Monday, September 6, 2010

Fifteenth Sunday After Pentecost

+ In nomine Patris et Filii et Spiritus Sancti + Amen.

Text: Luke 14:27
Theme: “My Disciple.”

Dear friends in Christ Jesus,

The word of God always challenges human complacency. The work of the Spirit is always as much a threat to the sinful nature as it is a comfort to the believer. One danger of casual familiarity with the teachings of Jesus is the domestication of His truth. The hard edges of His revolutionary doctrines are softened to make them more palatable. Time and tinkering seek to tame offensive beliefs, even re-imaging them in human fashion. Let us pray that God would preserve for us His divine word in all its vigor and purity in its proclamation in every form.

Again today we are faced with challenging words from Christ. “If anyone comes to me and does not hate, etc.-cannot be My disciple…..any of you who does not give up everything he has cannot be My disciple.”1 What are we to make of these words? All followers of Jesus are disciples in the broad sense. Of course, not all disciples were apostles. To become a full-time disciple of Jesus, as the Twelve were, required complete sacrifice of personal ambitions. Jesus does not intend to play one vocation off against another. Obviously the call to apostleship was more all-encompassing of life’s circumstances.

But that is not Jesus’ concern here. The vocation of farmer, teacher or nurse, husband or wife, father or mother is no less godly than that of a pastor or full-time church worker. Normally the farmer doesn’t have to leave his farm to be a Christian, nor the mother her family. But there is a radical refocusing involved and a corresponding dying to self. Jesus wants the crowds to consider what being a believer actually entails. It is a journey characterized by a daily carrying of the cross. Here we have a call to repentance and trust.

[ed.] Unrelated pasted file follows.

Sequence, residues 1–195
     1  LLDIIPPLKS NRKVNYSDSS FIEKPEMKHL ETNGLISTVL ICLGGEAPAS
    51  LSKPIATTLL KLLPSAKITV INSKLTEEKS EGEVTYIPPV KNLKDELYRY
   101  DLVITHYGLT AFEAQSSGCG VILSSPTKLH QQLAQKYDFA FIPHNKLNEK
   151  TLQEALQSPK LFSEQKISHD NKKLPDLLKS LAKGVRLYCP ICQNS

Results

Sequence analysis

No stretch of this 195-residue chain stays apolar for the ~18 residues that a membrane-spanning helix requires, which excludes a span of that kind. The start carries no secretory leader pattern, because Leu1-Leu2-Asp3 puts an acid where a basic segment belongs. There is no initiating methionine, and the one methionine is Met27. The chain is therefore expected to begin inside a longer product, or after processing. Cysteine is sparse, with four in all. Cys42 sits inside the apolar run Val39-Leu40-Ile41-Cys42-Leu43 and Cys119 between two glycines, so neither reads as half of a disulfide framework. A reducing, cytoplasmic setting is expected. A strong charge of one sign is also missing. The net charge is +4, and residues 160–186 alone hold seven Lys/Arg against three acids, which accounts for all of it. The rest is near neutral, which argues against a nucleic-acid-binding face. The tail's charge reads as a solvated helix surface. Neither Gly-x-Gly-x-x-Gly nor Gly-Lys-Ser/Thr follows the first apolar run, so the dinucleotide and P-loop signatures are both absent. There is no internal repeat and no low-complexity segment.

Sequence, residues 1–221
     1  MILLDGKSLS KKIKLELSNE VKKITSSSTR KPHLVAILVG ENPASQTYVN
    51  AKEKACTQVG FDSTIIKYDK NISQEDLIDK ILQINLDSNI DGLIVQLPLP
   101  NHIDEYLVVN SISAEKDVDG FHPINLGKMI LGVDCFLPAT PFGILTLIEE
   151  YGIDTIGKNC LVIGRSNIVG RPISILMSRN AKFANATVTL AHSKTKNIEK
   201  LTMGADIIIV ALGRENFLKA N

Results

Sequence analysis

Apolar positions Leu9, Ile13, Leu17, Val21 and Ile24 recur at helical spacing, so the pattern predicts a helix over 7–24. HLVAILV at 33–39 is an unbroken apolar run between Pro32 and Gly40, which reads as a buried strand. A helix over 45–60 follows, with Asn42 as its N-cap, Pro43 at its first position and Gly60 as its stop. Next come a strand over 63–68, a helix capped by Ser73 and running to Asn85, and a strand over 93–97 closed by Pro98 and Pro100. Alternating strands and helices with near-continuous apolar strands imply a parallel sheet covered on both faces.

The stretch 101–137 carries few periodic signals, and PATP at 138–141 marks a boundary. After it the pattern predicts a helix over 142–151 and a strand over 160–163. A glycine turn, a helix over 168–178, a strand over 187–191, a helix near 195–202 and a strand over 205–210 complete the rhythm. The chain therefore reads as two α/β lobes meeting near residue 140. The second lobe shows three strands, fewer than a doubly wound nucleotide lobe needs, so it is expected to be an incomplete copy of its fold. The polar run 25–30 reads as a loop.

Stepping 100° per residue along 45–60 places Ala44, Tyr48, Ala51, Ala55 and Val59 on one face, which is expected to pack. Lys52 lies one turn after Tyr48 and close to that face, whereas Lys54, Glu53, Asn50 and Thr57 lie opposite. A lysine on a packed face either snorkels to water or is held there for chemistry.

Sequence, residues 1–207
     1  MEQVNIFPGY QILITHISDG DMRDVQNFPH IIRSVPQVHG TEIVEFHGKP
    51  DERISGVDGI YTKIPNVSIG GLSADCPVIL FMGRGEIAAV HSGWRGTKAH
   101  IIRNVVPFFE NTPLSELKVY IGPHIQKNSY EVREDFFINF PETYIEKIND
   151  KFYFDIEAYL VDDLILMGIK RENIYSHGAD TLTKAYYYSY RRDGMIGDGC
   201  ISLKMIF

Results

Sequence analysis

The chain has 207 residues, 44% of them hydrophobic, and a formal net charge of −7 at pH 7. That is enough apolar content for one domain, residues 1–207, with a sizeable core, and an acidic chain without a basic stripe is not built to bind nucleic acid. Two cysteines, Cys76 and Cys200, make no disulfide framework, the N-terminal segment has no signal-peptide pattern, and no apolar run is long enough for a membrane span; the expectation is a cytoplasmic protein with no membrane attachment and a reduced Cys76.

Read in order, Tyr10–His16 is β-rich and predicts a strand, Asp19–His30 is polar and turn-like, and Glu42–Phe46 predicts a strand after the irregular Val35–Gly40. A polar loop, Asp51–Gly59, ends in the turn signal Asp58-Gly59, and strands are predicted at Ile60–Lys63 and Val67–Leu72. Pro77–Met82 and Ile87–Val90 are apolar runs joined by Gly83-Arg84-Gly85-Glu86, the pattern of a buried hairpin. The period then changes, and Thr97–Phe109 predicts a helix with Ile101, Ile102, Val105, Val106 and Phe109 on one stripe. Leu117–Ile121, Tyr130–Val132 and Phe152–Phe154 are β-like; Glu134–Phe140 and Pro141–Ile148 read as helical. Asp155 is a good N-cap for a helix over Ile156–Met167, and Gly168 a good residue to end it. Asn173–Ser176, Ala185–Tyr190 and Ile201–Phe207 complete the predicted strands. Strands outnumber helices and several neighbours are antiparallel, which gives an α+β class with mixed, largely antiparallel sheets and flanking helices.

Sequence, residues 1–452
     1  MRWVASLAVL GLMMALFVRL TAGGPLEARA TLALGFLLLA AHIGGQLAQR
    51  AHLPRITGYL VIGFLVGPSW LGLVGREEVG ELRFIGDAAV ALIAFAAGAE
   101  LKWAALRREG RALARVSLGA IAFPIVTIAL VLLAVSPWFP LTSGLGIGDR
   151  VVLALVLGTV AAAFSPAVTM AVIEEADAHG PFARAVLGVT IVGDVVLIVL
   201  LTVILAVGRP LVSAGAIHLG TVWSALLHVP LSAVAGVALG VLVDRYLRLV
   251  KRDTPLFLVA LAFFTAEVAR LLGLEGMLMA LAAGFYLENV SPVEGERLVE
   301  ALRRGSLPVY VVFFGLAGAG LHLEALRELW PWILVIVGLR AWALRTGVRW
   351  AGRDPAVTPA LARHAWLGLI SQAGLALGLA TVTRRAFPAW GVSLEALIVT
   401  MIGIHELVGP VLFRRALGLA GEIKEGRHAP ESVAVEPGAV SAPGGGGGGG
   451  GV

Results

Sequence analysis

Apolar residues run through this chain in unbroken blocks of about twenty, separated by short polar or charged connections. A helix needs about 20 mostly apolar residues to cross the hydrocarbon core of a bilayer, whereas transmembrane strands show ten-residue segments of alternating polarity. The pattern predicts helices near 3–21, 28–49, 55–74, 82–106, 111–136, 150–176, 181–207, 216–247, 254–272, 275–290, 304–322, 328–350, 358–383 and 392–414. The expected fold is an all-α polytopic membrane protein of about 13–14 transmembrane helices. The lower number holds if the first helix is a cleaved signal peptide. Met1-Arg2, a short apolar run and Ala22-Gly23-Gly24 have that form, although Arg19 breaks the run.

The daily carrying of the cross is nothing less occupying ourselves every day with the mission of Christ. It is to live baptismally. It means being transparent with our deeds and desires. It entails being hidden in the wounds of Christ but exposed to the insults of the world. It means we are secure in the promises of the Spirit but susceptible to the criticisms of men. It involves having everything we are, have and aspire to subject to His truth. The cost is high: estrangement from the agenda of the world. But the reward is immeasurable: peace with God and eternal life.

Jesus presses His point with two parables about counting the cost. Just as an under-manned king would be foolish to go to war, and an under-resourced builder unwise to begin a large construction project, we would be foolish to think the confession of Christianity is an easy undertaking. The obstacles are far too great for us and the enemies too strong. The worldly advantages are almost nil. Perhaps the farmer will not have to leave the farm, but certainly his selfish ambitions. Likewise the mother will have to stop making idols of her children. Faith cannot be reconciled with egotism, or spiritual poverty with self-righteousness. Nor can there be a happy truce between the two. Self-indulgence and unbelief are by their very natures insatiable and intolerant. They may permit harmless dabbling in religious ideas, or even ethical pursuits, but never a clear confession of Christ as God and Lord.

Dear friends, discipleship involves a constant reorientation of priority and perspective. At the centre is Christ who atones for sins. He declares the unrighteous holy and calls the dead to life. The Bible says He is the One “who loves us and has freed us from our sins by His blood and has made us to be a kingdom.”2 This resolution of sin is what daily bearing the cross is all about.